6,500 workers have died in Qatar building infrastructure for the 2022 World Cup

An investigation by the Guardian reveals the staggering number of deaths among migrant workers in Qatar on building sites for the 2022 World Cup.

Over 6,500 migrant workers, employed on the immense construction sites for the facilities that will host the 2022 FIFA World Cup in Qatar, have died. This troubling figure was revealed by UK newspaper The Guardian following an investigation into data from government sources in five nations from which the workers emigrated: India, Pakistan, Nepal, Bangladesh, and Sri Lanka.

Qatar turned into a vast building site for the World Cup

Over the past 10 years, Qatar has launched an unprecedented construction programme, centred primarily around the sporting event that will take place between November and December 2022. The Middle Eastern country undertook the construction of seven new stadiums, alongside dozens of associated facilities and infrastructure. These include a new airport, roads and motorways, public transport systems, hotels, and other accommodation facilities.

qatar, 2022 world cup, human rights
A model for a stadium presented in Qatar for the 2022 World Cup © Clive Rose/Getty Images

To achieve this, it is suspected that workers were expected to make superhuman efforts, with insufficient concerns for health and safety. “The findings – the Guardian article reads – mean an average of 12 migrant workers from these five south Asian nations have died each week since the night in December 2010 when the streets of Doha were filled with ecstatic crowds celebrating Qatar’s victory”. The government data compiled in the investigation shows that there were 5,927 deaths between 2011 and 2020. Additionally, Pakistan’s embassy in Doha revealed that a further 824 Pakistani citizens died in Qatar between 2010 and 2020.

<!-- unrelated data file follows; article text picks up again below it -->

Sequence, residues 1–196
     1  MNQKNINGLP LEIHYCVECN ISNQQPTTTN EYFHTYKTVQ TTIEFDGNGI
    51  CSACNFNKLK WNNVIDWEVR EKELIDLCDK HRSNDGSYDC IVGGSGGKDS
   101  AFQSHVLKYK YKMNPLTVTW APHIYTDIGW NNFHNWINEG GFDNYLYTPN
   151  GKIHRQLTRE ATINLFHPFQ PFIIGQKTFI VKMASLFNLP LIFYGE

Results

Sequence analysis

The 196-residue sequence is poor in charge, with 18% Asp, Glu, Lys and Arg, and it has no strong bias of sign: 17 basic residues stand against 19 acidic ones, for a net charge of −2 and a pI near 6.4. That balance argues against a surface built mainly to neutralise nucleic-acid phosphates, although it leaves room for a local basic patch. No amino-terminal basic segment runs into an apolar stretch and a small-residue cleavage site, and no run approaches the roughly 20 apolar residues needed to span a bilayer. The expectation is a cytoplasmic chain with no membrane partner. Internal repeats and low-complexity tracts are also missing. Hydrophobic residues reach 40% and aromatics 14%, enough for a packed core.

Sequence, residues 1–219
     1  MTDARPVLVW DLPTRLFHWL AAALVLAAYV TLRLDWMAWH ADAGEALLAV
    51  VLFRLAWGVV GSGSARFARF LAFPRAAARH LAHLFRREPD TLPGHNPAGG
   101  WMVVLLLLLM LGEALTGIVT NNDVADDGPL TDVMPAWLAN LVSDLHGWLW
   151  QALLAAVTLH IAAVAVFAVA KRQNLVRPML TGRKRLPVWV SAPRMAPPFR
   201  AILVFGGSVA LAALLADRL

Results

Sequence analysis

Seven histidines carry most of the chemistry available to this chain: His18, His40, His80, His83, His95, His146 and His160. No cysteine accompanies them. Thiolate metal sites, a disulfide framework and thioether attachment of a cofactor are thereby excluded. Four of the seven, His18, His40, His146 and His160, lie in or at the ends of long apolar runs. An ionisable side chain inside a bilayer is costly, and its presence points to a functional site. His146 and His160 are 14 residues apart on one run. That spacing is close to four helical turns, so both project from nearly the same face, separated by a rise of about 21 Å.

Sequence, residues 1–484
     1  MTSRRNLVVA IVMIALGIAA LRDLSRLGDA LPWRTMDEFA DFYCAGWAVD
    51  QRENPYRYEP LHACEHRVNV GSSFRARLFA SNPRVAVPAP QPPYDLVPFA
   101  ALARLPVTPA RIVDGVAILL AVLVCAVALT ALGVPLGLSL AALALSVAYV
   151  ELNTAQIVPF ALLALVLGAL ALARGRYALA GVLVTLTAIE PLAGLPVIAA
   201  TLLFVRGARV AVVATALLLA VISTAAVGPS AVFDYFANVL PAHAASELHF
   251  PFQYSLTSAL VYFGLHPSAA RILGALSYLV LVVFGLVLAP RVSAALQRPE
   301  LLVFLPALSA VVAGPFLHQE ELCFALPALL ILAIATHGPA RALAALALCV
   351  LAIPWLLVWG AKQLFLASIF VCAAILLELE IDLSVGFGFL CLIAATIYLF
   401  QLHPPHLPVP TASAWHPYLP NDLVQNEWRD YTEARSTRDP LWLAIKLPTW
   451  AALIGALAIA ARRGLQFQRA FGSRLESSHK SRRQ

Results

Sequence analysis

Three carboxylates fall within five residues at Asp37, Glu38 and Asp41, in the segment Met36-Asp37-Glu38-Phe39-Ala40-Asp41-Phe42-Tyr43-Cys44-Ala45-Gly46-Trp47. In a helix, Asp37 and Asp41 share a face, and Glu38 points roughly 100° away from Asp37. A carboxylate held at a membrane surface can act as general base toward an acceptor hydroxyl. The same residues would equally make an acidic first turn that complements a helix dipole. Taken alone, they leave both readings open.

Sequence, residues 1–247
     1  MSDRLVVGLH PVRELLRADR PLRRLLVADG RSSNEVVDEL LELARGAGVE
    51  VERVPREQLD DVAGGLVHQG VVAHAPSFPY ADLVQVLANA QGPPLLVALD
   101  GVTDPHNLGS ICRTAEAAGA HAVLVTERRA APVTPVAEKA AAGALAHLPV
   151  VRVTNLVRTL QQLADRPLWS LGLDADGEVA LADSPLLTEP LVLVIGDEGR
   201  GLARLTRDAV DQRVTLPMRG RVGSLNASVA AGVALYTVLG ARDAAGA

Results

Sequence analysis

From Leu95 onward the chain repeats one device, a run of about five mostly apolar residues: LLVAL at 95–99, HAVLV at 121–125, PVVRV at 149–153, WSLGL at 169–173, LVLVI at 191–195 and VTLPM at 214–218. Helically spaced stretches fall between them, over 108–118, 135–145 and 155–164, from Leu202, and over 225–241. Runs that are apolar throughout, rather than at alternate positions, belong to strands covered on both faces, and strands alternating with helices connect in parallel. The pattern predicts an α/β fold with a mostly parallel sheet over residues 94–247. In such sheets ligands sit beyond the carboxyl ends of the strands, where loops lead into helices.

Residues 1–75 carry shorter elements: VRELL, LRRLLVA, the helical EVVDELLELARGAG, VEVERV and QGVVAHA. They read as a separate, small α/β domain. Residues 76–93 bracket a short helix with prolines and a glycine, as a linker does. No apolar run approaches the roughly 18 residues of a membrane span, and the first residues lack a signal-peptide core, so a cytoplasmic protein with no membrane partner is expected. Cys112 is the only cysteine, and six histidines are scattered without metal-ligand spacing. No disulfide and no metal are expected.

The Guardian, however, highlights the fact that “the total death toll is significantly higher, as these figures do not include deaths from a number of countries which send large numbers of workers to Qatar, including the Philippines and Kenya“.

Strange “natural causes” of migrant workers’ deaths

The UK newspaper also reported on specific cases relating to some workers‘ deaths. Ghal Singh Rai, from Nepal, paid over 1000 euro in recruitment fees to secure a job as a cleaner in a structure housing workers who were building the Education City World Cup Stadium. One week after he arrived, he reportedly died by suicide.

Mohammad Shahid Miah, who arrived in Qatar from Bangladesh, was electrocuted in his apartment because running water came into contact with some electrical wires. Madhu Bollapally, 43, from India, died of “natural causes“, though his family claims he was in excellent health. According to Qatari authorities, 80 per cent of the Indian migrants who died did so as a result of “natural causes”. It’s suspected that this wording likely covers up many cases of cardiac or respiratory attacks caused by excessive heat or unsafe working conditions.

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